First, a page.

Focus of the Mentorship

The mentorship focuses on three major areas. You and your mentor will talk about all three. Risking some vulnerability may be appropriate, but you can rest assured that your mentor cares about you and only wants to see you excel in each area.

  • Ministry growth
  • Spiritual growth
  • Personal growth

It is impossible to truly grow in ministry without growing in your relationship with Christ. Since your personal growth also determines what you do and the decisions you make in ministry, growth in all three are necessary and intertwined.

Goals for the Mentorship

Your mentor will explore your personal goals and expectations for the mentorship and discuss ways you can meet two or three of them through your time together. Here are our three main goals for you:

  • That you would receive encouragement, training, and advice about ministry to middle school and high school students.
  • That you would be challenged on a personal level in character development.
  • That you would know God more intimately.

Length of the Mentorship

The duration of the mentorship is 10 weeks. Each week you’ll connect on a one-on-one phone conversation with your mentor for about an hour or so. Have fun!

Why you need a mentor

1. Advice: A mentor helps you avoid the rookie mistakes and assumptions. You gain the opportunity to learn from someone who can look back on their early years in youth ministry and help you avoid the landmines. They’ve “been there, done that.”

2. Accountability: Share your goals with someone who will help hold you accountable for them. If you don’t yet have any goals or direction in ministry, a mentor will both help you think through them and flesh them out in practical ways in your ministry.

3. Support and Encouragement: A mentor wants to help you thrive in ministry. They are here to listen to you, support you, encourage you, and give advice about your current situations and how to handle them. You can vent, even kick and scream when appropriate, and ask tough questions without worrying about losing your job.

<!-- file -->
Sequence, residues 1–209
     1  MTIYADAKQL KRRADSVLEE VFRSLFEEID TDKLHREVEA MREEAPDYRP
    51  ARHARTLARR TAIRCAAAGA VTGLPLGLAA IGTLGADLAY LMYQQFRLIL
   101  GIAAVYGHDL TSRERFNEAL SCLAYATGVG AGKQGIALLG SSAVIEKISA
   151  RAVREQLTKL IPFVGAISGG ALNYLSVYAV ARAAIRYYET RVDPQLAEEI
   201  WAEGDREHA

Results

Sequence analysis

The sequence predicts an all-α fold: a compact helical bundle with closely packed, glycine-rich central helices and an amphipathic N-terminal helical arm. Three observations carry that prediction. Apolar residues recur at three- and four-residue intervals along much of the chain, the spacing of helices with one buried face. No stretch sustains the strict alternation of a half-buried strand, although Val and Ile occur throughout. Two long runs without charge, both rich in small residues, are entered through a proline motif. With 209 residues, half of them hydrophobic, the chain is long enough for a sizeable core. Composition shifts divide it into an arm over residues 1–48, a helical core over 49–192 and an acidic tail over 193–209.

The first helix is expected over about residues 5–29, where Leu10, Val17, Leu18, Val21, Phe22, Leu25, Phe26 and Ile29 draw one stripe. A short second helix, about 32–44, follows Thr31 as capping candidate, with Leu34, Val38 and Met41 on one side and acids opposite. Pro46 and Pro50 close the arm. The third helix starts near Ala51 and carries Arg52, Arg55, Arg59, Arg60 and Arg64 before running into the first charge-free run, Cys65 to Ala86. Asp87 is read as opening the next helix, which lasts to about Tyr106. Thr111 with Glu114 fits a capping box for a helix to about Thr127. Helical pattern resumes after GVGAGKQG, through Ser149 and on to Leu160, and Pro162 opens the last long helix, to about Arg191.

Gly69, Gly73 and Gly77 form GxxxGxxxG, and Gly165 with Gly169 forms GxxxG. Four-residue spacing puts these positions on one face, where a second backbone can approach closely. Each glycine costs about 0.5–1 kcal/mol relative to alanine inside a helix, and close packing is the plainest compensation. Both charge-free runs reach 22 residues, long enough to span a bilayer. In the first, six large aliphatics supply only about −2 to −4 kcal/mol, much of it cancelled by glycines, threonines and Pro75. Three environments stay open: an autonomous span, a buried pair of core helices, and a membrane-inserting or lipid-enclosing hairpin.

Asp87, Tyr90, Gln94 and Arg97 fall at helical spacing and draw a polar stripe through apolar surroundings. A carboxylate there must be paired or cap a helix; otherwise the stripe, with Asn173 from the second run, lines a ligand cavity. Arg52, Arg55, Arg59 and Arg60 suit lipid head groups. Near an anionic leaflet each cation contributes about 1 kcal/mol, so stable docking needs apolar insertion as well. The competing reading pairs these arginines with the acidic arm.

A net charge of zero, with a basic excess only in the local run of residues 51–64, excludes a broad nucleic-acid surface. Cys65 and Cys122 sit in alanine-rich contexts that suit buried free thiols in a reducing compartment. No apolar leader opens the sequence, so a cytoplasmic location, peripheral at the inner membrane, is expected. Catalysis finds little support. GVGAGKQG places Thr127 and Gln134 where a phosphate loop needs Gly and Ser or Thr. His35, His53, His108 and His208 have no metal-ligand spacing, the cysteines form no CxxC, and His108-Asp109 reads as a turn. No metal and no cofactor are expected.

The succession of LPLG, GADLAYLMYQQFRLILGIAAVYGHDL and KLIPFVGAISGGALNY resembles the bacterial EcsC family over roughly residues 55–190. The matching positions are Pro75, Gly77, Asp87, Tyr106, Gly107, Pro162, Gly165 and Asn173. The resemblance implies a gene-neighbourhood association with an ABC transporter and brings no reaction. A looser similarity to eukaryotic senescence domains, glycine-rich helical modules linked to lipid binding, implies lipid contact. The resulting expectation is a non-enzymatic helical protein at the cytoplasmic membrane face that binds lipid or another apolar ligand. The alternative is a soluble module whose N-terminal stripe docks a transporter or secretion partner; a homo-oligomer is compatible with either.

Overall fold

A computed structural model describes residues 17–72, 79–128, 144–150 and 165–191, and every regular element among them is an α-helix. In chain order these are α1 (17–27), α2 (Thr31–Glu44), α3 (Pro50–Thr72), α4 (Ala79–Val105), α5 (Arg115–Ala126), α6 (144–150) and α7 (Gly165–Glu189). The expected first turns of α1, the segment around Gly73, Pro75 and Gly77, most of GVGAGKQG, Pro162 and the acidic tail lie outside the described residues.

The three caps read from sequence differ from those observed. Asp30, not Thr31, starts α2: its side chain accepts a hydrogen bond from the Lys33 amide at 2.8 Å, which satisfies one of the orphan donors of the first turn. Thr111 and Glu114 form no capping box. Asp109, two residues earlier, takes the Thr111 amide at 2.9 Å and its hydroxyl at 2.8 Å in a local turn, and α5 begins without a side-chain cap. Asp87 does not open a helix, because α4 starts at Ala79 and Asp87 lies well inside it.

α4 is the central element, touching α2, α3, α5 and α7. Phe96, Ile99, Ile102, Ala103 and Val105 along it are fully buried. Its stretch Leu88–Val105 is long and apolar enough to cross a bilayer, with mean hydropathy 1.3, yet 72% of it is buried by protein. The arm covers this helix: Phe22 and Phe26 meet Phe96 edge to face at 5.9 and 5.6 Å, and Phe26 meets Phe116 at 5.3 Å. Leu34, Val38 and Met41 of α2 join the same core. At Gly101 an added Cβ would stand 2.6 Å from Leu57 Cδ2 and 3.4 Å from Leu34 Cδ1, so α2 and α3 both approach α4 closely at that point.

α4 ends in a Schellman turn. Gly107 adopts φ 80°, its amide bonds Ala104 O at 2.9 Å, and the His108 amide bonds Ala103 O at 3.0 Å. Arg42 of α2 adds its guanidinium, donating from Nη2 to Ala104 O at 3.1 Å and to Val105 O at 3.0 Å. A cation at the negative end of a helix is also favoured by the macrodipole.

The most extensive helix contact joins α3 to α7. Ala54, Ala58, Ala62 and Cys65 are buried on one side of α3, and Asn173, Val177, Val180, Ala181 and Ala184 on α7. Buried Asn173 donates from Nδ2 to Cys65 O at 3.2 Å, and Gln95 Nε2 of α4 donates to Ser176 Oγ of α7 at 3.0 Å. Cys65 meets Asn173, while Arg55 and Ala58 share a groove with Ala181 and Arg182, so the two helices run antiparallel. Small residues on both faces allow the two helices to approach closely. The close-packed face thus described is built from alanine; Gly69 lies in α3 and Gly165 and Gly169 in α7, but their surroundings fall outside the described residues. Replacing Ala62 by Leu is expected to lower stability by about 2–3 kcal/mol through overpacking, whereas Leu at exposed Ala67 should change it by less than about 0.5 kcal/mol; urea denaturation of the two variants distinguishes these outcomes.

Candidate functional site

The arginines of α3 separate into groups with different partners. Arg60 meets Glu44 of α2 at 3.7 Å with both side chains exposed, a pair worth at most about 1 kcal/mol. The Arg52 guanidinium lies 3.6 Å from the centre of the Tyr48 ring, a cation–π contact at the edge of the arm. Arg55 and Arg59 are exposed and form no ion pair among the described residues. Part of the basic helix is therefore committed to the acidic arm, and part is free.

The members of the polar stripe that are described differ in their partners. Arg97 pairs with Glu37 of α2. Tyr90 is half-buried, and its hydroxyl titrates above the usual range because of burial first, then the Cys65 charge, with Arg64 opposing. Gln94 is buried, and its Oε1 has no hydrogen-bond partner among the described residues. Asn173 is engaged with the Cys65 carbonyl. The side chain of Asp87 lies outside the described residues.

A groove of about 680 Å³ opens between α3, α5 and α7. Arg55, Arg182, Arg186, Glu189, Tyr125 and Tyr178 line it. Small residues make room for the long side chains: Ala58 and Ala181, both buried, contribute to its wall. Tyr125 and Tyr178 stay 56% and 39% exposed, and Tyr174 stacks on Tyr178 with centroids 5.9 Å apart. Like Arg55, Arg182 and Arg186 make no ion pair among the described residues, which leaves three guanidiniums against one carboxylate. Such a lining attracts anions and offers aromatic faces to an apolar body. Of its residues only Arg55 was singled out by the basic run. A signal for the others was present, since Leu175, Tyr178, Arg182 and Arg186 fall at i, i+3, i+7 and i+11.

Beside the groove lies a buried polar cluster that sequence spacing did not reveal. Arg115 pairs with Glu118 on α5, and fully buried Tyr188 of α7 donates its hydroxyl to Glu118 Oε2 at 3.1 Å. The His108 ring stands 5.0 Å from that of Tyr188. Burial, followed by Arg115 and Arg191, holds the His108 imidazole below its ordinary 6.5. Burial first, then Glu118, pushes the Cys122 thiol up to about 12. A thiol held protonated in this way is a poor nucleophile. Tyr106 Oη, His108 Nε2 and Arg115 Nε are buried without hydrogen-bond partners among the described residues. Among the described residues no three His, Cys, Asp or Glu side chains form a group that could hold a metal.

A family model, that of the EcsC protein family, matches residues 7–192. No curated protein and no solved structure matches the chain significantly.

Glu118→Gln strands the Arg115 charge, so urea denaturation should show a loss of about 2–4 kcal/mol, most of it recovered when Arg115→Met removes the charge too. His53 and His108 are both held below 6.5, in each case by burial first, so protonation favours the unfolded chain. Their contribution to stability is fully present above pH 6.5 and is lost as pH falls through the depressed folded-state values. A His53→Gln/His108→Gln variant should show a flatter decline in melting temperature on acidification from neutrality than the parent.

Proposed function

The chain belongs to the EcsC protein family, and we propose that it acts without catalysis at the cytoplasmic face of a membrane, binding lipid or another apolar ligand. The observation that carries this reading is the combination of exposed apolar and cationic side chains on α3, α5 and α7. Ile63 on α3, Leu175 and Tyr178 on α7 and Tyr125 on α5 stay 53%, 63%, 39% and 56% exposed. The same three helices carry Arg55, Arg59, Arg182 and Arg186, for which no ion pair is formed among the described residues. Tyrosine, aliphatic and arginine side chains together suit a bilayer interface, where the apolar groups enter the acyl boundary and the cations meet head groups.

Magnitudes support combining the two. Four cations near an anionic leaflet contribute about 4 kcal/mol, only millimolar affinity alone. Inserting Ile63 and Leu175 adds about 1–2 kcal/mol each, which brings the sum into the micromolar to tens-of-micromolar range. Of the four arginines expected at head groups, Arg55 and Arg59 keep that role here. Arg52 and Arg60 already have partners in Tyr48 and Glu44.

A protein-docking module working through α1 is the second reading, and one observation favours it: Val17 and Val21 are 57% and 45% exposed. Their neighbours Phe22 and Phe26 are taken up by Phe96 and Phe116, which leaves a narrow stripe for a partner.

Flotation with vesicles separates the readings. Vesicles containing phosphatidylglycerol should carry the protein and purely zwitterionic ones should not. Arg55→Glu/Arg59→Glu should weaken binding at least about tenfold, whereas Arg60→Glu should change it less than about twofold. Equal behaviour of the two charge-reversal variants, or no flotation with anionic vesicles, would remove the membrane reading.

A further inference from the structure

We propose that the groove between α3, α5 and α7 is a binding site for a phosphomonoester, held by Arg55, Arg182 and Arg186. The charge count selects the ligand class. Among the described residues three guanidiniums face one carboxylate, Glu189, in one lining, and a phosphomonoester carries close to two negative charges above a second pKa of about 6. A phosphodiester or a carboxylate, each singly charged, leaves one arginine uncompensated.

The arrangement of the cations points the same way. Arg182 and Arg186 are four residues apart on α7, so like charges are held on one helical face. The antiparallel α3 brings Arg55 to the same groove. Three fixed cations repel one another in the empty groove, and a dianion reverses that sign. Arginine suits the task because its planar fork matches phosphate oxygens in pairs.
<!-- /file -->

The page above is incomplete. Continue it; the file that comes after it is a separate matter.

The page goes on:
4. A neutral outside perspective: A mentor can give objective input about your struggles, conflicts, and vision.

5. A wealth of knowledge: A mentor has the expertise, the experience, and the knowledge of ministry. They’ve been living with the tension of intertwining ministry, a personal life, and a growing relationship with Christ for many years. They know what you’re going through and can help you navigate it all.

6. Networking and resources: A mentor can direct you to other people who specialize in something that pertains to your ministry. They know what resources to recommend and can point you in the right direction.

7. Receive validation: When many people in your church view the youth ministry as a glorified babysitter or some kind of spiritual superman that’s supposed to fix every kid, a mentor can provide some validity for what you do and why you do it.

8. Experience and Education: Mentors have more experience and more education (even if not formal education) to be able to share from, refer to, and use to encourage you.

9. Someone to ask the hard questions: Everyone needs people in their life who are further ahead than they are. A mentor can help you correct some trails that are heading the wrong direction in your personal life, spiritual life, and in your ministry.

10. Keep you on track: With all the youth ministry models, philosophies, and programs out there, a mentor can help you stay focused, on track, and make decisions that are best for your ministry, not just because “everyone else is doing it.”

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